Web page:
**1. The Occupancy of States and Distributions**:

In statistical physics two particular
distributions occupy attention: the Bose-Einstein, and the Fermi-Dirac. For our
purposes we will spend much more time on the latter but it is useful to see how
both enter the picture.

In
the case of the Bose-Einstein formalism we are concerned with

**which have integral spin values (i.e. an orbital may be populated by any number of bosons so the Pauli Exclusion principle doesn’t apply).***bosons*
Consider
the distribution function for a system of non-interacting bosons in which the
system is in

thermal and diffusive contact with a reservoir. Thus we may allow a circumstance such as this:

thermal and diffusive contact with a reservoir. Thus we may allow a circumstance such as this:

*Fig. 1: Illustrating systems in thermal and diffusive contact.*
Thus
heat can be exchanged between the systems A and B, as well as particles. In the formalism treatment we let e denote the energy of a
single orbital when occupied by one particle. Hence, when n particles occupy
the orbital then the energy must be n e.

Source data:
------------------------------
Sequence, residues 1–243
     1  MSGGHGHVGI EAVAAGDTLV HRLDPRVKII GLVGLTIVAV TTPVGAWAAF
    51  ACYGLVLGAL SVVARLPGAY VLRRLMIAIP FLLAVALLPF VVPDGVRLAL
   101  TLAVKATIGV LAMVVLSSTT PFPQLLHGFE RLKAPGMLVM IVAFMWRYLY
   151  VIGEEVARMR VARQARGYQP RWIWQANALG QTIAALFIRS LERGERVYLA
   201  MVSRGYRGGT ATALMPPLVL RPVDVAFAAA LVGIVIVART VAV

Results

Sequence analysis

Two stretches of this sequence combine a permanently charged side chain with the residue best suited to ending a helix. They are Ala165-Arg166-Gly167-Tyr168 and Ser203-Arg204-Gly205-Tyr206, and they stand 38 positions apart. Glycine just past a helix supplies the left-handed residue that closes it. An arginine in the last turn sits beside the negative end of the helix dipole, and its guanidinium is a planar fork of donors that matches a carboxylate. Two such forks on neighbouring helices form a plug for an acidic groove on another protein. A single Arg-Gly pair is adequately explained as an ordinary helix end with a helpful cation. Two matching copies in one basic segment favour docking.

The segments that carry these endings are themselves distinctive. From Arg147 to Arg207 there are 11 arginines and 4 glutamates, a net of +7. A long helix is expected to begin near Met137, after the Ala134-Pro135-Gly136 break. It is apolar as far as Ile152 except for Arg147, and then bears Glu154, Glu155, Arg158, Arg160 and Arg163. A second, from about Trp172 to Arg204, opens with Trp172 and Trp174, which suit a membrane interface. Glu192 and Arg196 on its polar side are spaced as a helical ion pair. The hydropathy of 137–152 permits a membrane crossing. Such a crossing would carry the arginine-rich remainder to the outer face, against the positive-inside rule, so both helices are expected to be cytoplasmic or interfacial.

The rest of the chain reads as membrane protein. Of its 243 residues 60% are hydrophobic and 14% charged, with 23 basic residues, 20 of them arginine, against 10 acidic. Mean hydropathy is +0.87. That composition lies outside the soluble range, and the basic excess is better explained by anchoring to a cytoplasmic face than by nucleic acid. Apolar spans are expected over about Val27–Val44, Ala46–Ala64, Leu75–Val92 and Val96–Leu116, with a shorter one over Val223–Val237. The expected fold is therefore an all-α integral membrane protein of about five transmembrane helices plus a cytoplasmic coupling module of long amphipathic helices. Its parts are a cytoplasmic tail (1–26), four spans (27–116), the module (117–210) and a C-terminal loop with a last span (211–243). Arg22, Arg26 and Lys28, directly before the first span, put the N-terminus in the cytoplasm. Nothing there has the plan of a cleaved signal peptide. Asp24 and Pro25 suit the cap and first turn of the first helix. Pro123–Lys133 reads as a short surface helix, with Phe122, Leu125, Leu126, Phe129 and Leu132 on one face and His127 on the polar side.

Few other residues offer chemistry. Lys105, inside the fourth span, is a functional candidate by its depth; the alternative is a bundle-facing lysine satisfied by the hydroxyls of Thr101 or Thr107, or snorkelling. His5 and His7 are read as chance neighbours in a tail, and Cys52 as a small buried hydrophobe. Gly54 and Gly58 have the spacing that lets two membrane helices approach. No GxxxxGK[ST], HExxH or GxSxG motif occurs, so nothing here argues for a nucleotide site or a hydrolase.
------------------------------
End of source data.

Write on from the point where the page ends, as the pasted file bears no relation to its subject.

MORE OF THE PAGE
To simplify, we treat one orbital as a system and ignore all
others. The grand sum taken over one
orbital would then be:

å

^{¥}_{n = 0}å_{e}exp ( Nm - e)/ t) = å^{¥}_{n = 0}l^{n}e^{- n }^{e}^{/}^{t}^{}
=

**å**^{¥}_{n = 0}(**l****e**^{- n }^{e}^{/}^{t}^{ }**)**^{ n}
Now,
let x =

**l****e**^{- n }^{e}^{/}^{t}**and sum the series in closed form so the grand sum is now:**^{ }
Ž =

**å**^{¥}_{n = 0}(x)^{ n}= 1/ 1 – x = 1/ 1 -**l****e**^{- n }^{e}^{/}^{t}^{ }
Provided:

**l****e**^{- n }^{e}^{/}^{t}**< 1**^{ }
The
ensemble average of the number of particles in the orbital is by

**definition of the average value**:
[ n(e )] =

**å**^{¥}_{n = 0}(nx)^{ n}/**å**^{¥}_{n = 0}(x)^{ n}=

**x (d/dx)**

**å**

^{¥}

_{n = 0}(x)^{ n}/**å**

^{¥}

_{n = 0}(x)^{ n}=

**x (d/dx) (1 – x) / (1 – x)**

^{-1}

^{}
After
some calculus and messy algebra we find:

**[ n(e )] = 1/ exp ( e - m)/ t**

Which
is the

**Bose- Einstein distribution**.
(N.B. Square brackets used above in place of R-L 'angle' brackets to prevent problems with blogger)

For
the Fermi-Dirac distribution we consider a simplified system represented by a
cubical box of volume V = L

^{3}
The
number of electrons (Fermi particles) within occurs between energies